Rhea Chakraborty = Pablo Escobar?
Chakraborty had the misfortune to buy her ganja from a “syndicate”, which controls most of Mumbai’s drug racket, and as a result, is now being painted by her detractors as India’s answer to Pablo Escobar. She is one of ten people apprehended in connection with the case by the NCB, which recovered a grand total of 59 grams of marijuana from them — an amount that is less than what you might find in a sadhu’s chillum.
It’s easy to write these ridiculous regulations off as harmless relics, at least until they’re actually enforced.
Whatever the CBI and ED investigations turn up after this point, it’s clear that Chakraborty’s detention on drug charges is bogus. But she’s not the only woman embroiled in a legal mire that’s more about circumstance than crime.
Ranaut, who has long been a staunch ally of the BJP government and one of the first to demand “justice for Sushant”, has waded into this now-political kerfuffle. As the Centre and Bihar Police, along with supporters like Ranaut, criticise the Shiv Sena and Mumbai Police’s handling of Rajput’s death, the city’s municipal corporation, the BMC, took aim at Ranaut’s Pali Hill office. Sending a legal notice citing illegal construction, the BMC proceeded to tear the building apart.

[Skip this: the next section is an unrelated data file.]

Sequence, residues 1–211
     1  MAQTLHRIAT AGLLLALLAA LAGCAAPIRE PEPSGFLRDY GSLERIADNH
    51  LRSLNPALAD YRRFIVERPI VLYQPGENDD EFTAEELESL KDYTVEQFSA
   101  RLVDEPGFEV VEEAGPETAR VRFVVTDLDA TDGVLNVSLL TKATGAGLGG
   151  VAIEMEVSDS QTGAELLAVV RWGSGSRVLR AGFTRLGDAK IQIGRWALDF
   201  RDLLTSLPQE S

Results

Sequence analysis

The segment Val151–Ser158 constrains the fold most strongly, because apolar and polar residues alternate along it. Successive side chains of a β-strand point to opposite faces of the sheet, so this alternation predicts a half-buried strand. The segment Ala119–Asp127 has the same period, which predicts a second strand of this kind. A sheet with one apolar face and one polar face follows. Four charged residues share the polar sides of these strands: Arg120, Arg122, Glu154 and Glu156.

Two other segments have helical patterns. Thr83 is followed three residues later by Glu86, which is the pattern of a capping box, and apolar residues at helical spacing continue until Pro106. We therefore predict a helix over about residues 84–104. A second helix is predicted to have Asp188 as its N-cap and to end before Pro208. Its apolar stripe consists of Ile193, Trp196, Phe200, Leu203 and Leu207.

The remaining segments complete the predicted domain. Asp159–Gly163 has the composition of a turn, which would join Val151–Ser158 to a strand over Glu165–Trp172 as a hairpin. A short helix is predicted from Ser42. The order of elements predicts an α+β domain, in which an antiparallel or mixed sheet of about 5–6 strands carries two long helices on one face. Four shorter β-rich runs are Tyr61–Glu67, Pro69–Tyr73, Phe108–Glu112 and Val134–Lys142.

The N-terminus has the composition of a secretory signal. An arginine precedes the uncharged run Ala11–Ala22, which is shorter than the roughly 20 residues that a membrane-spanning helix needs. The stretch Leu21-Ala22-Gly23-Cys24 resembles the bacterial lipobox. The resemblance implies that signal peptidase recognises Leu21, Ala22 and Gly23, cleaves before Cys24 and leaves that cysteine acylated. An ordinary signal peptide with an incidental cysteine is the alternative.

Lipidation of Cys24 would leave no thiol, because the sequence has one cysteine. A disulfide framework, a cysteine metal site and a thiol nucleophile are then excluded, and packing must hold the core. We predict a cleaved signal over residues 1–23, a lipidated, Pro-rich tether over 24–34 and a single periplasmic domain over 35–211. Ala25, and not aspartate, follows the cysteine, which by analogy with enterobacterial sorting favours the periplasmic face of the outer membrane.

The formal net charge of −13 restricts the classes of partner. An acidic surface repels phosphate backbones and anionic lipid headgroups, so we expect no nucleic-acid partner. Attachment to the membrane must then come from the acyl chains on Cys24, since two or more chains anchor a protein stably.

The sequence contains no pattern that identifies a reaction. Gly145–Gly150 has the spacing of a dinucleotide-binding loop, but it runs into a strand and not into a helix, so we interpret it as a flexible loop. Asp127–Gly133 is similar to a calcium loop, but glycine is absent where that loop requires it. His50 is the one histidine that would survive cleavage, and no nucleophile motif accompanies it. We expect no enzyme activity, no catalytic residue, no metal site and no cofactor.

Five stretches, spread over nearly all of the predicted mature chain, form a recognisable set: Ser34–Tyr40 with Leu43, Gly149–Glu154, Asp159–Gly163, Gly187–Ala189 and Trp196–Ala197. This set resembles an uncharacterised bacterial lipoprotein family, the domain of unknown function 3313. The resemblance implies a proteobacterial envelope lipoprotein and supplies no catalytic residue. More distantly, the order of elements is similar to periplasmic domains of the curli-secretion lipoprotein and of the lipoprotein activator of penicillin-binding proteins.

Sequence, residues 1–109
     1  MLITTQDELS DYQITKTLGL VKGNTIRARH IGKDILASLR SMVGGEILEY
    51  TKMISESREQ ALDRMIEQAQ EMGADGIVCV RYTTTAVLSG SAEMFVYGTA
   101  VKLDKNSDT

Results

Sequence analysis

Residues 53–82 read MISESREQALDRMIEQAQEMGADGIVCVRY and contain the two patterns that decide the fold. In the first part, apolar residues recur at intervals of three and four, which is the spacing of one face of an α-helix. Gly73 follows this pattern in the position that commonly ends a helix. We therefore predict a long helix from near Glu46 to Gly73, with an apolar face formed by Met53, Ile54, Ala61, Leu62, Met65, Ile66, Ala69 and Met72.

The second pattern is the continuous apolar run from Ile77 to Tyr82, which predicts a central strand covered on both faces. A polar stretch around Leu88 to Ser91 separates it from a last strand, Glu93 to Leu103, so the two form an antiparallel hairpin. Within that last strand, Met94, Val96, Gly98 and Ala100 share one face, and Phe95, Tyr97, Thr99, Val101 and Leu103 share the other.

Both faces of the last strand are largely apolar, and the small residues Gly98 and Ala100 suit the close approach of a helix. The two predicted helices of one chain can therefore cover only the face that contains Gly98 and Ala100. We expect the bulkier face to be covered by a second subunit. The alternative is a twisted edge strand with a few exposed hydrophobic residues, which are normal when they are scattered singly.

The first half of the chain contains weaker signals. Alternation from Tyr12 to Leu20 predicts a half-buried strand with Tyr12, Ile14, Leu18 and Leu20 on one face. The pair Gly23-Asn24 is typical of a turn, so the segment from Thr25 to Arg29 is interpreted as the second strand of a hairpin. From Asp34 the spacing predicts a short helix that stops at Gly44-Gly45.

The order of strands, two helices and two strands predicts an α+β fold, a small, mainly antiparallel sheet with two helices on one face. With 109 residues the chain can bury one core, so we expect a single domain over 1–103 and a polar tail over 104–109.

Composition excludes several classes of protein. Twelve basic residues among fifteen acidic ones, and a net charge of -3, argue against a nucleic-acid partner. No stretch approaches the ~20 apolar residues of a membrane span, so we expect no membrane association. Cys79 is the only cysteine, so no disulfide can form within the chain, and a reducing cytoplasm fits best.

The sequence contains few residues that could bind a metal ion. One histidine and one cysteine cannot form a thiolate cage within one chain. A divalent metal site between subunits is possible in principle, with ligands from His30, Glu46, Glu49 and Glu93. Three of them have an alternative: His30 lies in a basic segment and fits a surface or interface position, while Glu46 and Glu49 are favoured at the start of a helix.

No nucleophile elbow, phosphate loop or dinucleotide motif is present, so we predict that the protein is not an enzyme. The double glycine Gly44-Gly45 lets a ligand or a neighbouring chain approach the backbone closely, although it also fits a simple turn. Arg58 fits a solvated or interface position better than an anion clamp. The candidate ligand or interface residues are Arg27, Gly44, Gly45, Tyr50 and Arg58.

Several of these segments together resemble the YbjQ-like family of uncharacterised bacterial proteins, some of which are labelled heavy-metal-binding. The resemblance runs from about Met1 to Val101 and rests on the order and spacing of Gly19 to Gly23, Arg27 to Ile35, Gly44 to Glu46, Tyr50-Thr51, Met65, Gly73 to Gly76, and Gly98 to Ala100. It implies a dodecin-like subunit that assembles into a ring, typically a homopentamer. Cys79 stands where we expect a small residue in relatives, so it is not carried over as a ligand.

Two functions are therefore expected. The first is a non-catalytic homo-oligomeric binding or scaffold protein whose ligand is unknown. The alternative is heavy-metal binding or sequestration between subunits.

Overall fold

It’s not the first time the notoriously high-handed civic body, which functions closely with the Shiv Sena, has demolished an actor’s illegal property, and past victims include Shatrughan Sinha, Arjun Kapoor, and Shah Rukh Khan. Still, considering the lack of proper notice given to Ranaut’s team, it’s hard to deny an element of vengeful retribution in their actions. More importantly, you’d be hard-pressed to find a building in Mumbai that doesn’t violate at least one of the BMC’s contradictory and deeply bureaucratic regulations.
We are constant violators of the law
Of course, many of our convoluted laws, both in Mumbai and the rest of the country, are expressly designed that way in order to make space for everyday corruption. When punishments are meted out inconsistently and at the sole discretion of the authorities, what choice do civilians have but to cajole and bribe their way through a minefield of potential criminality?